New Viewings: Ian Whittlesea, Caitlin Yardley, Marcus Cope, Susie Green / Curated by Andrew Renton

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New Viewings: Ian Whittlesea, Caitlin Yardley, Marcus Cope, Susie Green / Curated by Andrew Renton

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New Viewings: Ian Whittlesea, Caitlin Yardley, Marcus Cope, Susie Green / Curated by Andrew Renton

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Ian Whittlesea – „Stand Still. Be quiet.“

Ian Whittlesea’s work is driven by a renegotiation of modernist and esoteric histories, especially those which propose possibilities of embodied transformation. From devoting five years to become a black belt in judo in order to better understand Yves Klein’s practice to exploring the Mazdaznan breathing and movement exercises that Johannes Itten taught at the Bauhaus.

Two paintings from the ‘White Cloud Forming’ series might seem as material enactments of such disciplines, almost to the point of the paintings’ disappearance into the white of their own making.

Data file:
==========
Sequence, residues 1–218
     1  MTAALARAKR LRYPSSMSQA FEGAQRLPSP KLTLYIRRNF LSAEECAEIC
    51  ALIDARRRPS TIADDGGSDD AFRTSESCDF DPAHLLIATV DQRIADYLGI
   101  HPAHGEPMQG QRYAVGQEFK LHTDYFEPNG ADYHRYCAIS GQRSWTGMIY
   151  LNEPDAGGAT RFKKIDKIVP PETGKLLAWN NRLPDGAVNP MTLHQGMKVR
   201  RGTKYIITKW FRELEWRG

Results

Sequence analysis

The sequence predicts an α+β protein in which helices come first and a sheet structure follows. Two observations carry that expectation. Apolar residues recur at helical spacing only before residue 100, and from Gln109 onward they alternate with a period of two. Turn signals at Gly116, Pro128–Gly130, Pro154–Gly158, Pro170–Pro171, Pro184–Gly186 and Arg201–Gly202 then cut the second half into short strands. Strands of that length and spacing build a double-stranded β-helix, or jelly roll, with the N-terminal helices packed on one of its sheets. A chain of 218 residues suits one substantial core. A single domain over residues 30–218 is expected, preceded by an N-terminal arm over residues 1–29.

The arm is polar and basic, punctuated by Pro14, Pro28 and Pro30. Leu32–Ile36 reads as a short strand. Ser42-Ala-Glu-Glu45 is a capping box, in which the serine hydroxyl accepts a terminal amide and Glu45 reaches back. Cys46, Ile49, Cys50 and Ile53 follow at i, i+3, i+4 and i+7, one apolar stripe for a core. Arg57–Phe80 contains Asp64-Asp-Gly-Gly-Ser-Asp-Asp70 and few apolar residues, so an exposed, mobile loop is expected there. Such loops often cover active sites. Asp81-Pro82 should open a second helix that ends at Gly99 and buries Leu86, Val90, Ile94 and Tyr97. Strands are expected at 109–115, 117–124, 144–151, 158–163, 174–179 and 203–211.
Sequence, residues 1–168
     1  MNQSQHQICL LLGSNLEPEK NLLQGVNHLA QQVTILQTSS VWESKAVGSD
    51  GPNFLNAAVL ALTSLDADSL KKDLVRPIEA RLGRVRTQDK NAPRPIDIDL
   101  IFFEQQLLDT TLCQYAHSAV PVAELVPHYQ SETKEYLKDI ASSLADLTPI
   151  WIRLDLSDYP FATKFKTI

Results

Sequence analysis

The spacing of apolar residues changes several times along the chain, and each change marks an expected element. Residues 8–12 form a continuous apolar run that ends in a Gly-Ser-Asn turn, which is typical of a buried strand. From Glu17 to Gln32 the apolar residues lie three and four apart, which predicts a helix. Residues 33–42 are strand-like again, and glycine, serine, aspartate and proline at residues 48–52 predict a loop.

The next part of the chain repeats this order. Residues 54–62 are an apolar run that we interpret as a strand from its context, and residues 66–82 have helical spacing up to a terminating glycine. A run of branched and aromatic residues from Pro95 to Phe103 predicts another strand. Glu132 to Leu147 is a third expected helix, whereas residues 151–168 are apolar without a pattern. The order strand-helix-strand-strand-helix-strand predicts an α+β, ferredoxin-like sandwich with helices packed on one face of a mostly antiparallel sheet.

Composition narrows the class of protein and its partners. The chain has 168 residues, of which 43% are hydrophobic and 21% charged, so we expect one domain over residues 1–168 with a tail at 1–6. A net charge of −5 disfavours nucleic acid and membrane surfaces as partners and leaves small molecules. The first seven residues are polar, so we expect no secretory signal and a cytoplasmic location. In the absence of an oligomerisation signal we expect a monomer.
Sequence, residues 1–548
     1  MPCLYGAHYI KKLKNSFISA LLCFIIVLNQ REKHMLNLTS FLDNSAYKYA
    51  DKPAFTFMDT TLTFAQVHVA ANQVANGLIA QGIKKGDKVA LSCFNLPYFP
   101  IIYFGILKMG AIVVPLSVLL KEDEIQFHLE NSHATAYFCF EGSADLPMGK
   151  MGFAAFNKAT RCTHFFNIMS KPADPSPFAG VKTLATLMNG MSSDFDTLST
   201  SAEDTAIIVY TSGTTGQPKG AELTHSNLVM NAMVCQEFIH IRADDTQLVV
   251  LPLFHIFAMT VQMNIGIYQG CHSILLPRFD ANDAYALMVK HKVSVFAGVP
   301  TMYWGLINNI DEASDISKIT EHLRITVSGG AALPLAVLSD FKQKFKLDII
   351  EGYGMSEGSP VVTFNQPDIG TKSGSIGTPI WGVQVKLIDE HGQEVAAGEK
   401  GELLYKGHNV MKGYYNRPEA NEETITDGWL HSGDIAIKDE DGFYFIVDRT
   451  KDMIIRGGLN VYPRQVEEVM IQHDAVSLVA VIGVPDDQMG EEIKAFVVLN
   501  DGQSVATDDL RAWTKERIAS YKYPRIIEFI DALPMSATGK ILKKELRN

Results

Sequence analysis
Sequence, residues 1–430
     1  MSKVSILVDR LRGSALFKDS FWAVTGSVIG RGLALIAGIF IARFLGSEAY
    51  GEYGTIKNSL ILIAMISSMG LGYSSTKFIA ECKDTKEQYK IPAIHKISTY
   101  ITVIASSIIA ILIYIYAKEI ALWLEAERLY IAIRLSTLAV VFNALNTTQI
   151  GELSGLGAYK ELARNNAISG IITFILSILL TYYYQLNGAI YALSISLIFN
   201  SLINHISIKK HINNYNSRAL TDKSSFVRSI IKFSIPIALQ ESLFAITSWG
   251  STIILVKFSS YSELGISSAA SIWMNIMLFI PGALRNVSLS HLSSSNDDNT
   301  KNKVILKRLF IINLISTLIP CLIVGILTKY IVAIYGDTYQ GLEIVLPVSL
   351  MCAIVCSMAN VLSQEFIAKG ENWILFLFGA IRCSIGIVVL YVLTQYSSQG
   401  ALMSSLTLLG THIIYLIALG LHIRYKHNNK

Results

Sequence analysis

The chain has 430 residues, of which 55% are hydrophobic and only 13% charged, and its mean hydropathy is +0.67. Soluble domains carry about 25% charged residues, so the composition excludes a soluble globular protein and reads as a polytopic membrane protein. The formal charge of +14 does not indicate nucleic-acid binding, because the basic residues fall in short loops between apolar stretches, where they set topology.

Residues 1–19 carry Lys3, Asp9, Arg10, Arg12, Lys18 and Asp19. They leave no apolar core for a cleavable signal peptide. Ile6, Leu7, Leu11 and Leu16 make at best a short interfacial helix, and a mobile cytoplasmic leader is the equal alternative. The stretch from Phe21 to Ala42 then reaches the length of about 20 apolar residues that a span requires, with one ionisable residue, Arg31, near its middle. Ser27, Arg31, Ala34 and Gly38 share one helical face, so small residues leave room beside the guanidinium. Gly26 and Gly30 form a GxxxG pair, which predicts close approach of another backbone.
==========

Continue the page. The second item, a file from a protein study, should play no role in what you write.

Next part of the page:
In the installation a text piece functions both as instruction and permission for the viewer, articulating the space in which the work is situated. It defines the conditions of experience.

The fourth work, The Light from Fiona Banner’s Studio, dates from 4th of April 1997 at 2.15pm, and carries forward the particular conditions of that time and place. Another site of exchange, taking measure of something short-lived.

Ian Whittlesea
White Cloud Forming (BT01), 2020
Sprayed acrylic on aluminium
Diameter 40cm

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Ian Whittlesea
White Cloud Forming (BT02), 2020
Sprayed acrylic on aluminium
Diameter 40cm

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Ian Whittlesea
The Light from Fiona Banner`s studio, 1997
Ink on paper
framed 47 x 38 x 3 cm
signed by the artist & Fiona Banner

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Ian Whittlesea
Stand still. Be quiet., 2020
Vinyl text on wall
Dimensions variable
Ed. of 3 + 1AP

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Caitlin Yardley  „Mobile Composition“